Sign up ×
Stack Overflow is a question and answer site for professional and enthusiast programmers. It's 100% free.

I currently have this class that another programmer in my team coded:

public static class SoapExecuter
    private static readonly ILog logger;

    public static Exception ExecuterException { get; private set; }

    public static bool IsSoapException
            if (ExecuterException == null)
                return false;

            return ExecuterException.GetType() == typeof(SoapException);

    public static bool Execute(Action action)
        ExecuterException = null;
        bool passed = false;

            passed = true;
        catch (SoapException se)
            ExecuterException = se;
        catch (Exception ex)
            ExecuterException = ex;  

        return passed;

This is not very idiomatic and I would like to change it to something that happens within the try...catch clause.
Is there a way to not violate DRY and still stay within the idioms the language offers?
Of course I can inherit from the SoapException and log it but I'll have to catch a SoapException and create a new exception object that wraps it and then throw it only to be silenced one level above.
Any idea guys?

share|improve this question
What do you mean by "change it to something that happens within the try...catch clause"? It's not really clear what you're asking. (As an aside, this is truly horrible code. It wouldn't be quite so awful if these were instance members, but I really hope you're never using this code in a multithreaded environment.) – Jon Skeet Aug 1 '10 at 8:03
@Jon Skeet: I know this is horrible code. And in some way it is multi-threaded, it's a Microsoft Dynamics CRM plugin. I would like to handle the logging within the exception object ctor and be silenced within the first level of the try..catch or some common function or some real language idiom that doesn't form horrible code like this. So that means: I do wanna catch an exception but I do not want to have to copy/paste the same try...catch block all over. – the_drow Aug 1 '10 at 8:08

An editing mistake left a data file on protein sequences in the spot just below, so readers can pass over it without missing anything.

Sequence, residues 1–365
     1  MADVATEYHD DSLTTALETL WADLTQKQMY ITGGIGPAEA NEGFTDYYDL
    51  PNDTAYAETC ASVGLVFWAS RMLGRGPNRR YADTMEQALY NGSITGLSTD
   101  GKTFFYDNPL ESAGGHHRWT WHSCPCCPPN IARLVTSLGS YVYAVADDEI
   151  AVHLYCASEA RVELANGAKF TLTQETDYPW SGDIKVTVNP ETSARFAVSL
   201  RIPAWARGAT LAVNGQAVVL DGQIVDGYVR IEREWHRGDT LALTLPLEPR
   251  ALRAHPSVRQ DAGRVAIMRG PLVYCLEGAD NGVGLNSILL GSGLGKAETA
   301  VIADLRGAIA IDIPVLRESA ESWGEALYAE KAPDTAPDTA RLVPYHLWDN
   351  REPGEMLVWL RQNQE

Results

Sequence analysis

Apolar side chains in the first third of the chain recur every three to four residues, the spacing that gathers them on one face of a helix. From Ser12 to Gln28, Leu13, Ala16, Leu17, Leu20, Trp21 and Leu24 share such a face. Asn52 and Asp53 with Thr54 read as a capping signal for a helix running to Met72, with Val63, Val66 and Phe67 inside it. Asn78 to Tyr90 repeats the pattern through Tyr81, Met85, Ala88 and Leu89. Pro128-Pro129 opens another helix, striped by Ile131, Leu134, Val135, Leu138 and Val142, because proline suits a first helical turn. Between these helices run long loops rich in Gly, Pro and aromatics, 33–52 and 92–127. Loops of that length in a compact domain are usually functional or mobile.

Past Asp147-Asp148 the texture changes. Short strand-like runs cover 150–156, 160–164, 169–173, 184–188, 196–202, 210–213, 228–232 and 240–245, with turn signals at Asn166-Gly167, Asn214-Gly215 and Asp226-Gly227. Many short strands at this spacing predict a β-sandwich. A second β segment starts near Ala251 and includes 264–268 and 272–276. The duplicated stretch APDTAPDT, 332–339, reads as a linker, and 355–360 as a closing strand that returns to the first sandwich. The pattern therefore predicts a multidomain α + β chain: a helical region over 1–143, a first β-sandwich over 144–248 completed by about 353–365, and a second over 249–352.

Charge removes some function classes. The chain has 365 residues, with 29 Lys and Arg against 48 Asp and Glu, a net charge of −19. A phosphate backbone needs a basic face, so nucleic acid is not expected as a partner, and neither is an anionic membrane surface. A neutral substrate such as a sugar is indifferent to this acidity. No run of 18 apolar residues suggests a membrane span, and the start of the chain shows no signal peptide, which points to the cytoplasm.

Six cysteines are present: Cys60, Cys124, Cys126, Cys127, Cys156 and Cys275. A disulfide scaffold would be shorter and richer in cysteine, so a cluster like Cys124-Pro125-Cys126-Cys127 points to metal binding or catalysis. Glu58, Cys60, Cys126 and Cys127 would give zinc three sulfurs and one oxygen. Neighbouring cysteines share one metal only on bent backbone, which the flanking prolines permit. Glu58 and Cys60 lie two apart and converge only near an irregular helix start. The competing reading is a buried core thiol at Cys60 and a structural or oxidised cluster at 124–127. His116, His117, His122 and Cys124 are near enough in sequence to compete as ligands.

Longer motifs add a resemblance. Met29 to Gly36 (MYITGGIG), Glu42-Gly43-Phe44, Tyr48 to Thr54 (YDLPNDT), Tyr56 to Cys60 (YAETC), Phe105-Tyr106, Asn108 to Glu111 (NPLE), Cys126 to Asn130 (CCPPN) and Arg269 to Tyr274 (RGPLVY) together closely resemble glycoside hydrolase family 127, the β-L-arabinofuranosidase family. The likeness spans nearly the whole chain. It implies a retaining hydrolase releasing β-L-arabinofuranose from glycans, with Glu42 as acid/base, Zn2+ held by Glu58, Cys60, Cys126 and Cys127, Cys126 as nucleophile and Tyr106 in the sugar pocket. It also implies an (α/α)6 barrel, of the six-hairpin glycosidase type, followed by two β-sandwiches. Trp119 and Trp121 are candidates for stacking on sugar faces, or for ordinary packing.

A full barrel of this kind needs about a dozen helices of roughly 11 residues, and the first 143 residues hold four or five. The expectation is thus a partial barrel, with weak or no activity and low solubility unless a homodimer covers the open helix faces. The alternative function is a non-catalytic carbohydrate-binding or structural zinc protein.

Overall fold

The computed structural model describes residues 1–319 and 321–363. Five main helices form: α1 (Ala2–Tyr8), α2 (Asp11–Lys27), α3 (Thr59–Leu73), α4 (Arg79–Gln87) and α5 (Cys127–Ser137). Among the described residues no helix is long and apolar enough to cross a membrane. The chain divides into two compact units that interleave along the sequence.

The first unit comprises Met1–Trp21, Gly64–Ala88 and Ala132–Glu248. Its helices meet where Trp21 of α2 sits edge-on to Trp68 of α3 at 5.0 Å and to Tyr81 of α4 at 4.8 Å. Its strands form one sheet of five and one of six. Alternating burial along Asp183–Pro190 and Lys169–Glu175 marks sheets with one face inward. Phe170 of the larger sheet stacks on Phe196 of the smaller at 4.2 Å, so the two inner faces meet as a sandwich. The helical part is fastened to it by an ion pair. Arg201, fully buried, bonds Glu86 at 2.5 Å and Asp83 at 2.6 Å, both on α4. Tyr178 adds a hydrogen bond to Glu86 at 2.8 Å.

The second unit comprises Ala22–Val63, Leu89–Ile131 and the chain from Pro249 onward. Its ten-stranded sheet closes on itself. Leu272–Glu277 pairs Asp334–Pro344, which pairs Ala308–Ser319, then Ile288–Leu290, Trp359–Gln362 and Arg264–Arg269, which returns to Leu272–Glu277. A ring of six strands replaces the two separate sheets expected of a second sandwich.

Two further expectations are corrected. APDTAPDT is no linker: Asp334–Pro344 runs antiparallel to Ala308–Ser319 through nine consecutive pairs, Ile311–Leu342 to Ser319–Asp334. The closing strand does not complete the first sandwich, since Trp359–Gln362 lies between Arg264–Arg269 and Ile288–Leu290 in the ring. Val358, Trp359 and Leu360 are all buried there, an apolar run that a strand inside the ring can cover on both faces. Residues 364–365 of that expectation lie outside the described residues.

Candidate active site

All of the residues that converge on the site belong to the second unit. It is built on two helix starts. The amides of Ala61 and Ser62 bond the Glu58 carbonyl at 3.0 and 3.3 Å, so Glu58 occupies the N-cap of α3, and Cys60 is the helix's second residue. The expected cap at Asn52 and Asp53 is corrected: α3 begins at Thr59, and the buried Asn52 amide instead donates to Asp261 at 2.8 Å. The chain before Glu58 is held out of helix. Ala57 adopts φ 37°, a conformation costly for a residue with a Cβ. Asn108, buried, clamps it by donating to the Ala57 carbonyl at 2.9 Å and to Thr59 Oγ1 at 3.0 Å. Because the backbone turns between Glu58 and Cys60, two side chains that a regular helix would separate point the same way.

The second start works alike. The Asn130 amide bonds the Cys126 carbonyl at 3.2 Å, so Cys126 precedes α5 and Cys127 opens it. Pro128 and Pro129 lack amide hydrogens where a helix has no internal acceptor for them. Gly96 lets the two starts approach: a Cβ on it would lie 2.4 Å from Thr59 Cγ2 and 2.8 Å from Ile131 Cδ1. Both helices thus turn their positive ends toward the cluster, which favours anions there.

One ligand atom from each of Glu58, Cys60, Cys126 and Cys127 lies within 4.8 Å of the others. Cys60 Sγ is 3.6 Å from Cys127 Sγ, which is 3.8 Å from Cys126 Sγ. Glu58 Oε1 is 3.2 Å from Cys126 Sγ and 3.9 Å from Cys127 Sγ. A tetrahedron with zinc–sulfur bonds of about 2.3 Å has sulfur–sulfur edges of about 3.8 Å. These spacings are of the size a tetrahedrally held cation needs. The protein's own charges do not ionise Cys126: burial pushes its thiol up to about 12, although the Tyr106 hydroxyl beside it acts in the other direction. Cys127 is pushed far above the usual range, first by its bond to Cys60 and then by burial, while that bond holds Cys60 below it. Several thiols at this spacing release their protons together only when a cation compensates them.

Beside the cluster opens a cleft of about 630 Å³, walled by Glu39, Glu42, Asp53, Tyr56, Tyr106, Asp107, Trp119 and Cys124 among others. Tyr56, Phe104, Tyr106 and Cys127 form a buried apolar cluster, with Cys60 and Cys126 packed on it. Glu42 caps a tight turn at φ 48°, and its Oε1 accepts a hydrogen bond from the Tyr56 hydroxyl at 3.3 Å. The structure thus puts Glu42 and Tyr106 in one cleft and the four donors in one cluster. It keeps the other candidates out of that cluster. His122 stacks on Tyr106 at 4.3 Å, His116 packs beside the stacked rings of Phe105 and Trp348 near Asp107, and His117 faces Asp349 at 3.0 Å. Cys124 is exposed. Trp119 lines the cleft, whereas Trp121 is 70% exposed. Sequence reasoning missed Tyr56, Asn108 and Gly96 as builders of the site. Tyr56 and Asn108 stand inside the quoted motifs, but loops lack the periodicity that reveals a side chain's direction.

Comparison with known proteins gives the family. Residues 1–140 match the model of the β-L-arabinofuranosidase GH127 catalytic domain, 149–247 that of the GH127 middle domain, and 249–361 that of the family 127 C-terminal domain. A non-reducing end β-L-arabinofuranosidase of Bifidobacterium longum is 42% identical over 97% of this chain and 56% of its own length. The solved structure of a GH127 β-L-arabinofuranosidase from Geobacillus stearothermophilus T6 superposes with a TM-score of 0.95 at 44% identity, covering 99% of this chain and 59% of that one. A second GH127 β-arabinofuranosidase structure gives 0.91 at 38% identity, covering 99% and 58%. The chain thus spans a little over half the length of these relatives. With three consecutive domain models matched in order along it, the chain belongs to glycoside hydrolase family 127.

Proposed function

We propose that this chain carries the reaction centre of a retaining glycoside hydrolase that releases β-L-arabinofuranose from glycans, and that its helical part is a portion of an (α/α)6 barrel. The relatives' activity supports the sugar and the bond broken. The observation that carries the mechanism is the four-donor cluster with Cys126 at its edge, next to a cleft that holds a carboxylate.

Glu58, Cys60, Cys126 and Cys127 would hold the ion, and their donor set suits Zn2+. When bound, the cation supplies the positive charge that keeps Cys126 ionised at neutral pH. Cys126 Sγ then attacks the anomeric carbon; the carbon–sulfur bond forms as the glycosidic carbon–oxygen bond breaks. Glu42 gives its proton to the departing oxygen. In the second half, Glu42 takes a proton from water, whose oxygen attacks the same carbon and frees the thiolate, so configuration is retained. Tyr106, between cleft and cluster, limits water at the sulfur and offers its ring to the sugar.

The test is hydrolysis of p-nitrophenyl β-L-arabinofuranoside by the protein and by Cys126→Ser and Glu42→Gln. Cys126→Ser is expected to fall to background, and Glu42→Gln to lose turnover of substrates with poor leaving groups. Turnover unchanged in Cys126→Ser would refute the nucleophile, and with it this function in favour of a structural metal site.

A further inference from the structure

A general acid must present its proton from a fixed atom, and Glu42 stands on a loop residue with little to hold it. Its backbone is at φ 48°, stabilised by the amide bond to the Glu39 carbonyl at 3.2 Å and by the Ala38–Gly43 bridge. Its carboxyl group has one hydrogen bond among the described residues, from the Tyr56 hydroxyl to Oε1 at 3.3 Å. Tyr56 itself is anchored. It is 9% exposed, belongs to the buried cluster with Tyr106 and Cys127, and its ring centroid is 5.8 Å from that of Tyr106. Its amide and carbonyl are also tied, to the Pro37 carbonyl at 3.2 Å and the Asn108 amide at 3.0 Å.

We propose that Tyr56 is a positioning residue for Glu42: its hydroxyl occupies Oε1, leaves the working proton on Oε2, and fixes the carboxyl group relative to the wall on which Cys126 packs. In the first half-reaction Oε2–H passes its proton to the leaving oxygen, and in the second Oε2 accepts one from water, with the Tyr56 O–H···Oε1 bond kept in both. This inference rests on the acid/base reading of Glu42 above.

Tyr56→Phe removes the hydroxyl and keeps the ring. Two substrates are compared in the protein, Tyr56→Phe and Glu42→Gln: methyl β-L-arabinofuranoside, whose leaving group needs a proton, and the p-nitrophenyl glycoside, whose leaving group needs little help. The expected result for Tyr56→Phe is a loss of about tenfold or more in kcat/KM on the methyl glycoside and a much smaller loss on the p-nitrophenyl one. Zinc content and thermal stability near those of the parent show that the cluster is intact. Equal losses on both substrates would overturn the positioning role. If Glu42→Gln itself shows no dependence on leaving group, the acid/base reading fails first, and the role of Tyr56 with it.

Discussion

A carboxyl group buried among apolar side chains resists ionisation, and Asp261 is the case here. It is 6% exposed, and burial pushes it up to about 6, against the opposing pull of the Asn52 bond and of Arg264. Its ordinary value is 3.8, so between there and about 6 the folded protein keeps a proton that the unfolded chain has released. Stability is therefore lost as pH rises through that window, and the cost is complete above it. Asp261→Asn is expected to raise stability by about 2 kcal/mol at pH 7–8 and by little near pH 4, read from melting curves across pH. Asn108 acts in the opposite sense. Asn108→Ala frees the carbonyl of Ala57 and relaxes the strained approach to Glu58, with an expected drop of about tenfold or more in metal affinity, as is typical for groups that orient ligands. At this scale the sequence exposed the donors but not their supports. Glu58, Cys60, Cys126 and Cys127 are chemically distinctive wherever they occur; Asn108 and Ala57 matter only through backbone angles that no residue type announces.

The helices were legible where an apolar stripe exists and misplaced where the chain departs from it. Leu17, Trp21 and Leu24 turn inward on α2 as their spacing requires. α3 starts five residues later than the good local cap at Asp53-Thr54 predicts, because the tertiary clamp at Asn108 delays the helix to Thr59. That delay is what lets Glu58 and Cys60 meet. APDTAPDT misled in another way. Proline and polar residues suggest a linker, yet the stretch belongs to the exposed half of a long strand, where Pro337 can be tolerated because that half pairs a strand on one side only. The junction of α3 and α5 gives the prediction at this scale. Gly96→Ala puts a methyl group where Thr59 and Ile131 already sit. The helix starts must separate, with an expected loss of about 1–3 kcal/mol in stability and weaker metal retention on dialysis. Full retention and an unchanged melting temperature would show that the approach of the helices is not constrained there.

Short of using heavyweight stuff like profiler APIs or AOP solutions, we have to put up with this kind of code, or copy-paste. – Anton Tykhyy Aug 1 '10 at 8:23
@Anton: Should I create a function that contains the logic I need and call it within the exception? – the_drow Aug 1 '10 at 8:27
@the_drow - re "it is multi-threaded" - just to make it explicit: you could easily have threads reporting the wrong exception with this code. The static members are very risky. Also, you don't synchronize access to the ILog, so the concrete implementation of this must also be thread-safe, otherwise even more chaos. – Marc Gravell Aug 1 '10 at 8:31

1 Answer 1

up vote 1 down vote accepted

Sounds like what you really want is not to handle that exception inside Execute at all. The responsibility for handling the exception seems to lie with the code that calls Execute.

Of course you can still catch it, store it in ExecuterException, log it, and then rethrow it using throw; — but the purpose of ExecuterException eludes me. It seems that you only need it for IsSoapException, which in turn is much better written as ExecuterException is SoapException anyway, which even takes care of nullness and subclasses.

I don’t think anyone can be of any further help than this without seeing the code that uses the code you posted. If that code queries ExecuterException only immediately after calling Execute, then you can (and should) probably just change it to a try/catch in that code. If it actually queries ExecuterException elsewhere, then you could consider having that code store the reference instead, but either way, it would mean that the code is pretty entangled spaghetti code and probably requires a major rewrite anyway.

(By the way, just to nitpick, the first of the two catch clauses in your code is completely redundant. If you remove it you get exactly the same behaviour — unless logger.log has a special overload for SoapException, but then you should probably restructure that too.)

share|improve this answer
logger.log treats SOAPException in a different way, yes. And the ExecuterException is used only near the executer.execute() – the_drow Aug 1 '10 at 8:49

Your Answer


By posting your answer, you agree to the privacy policy and terms of service.

Not the answer you're looking for? Browse other questions tagged or ask your own question.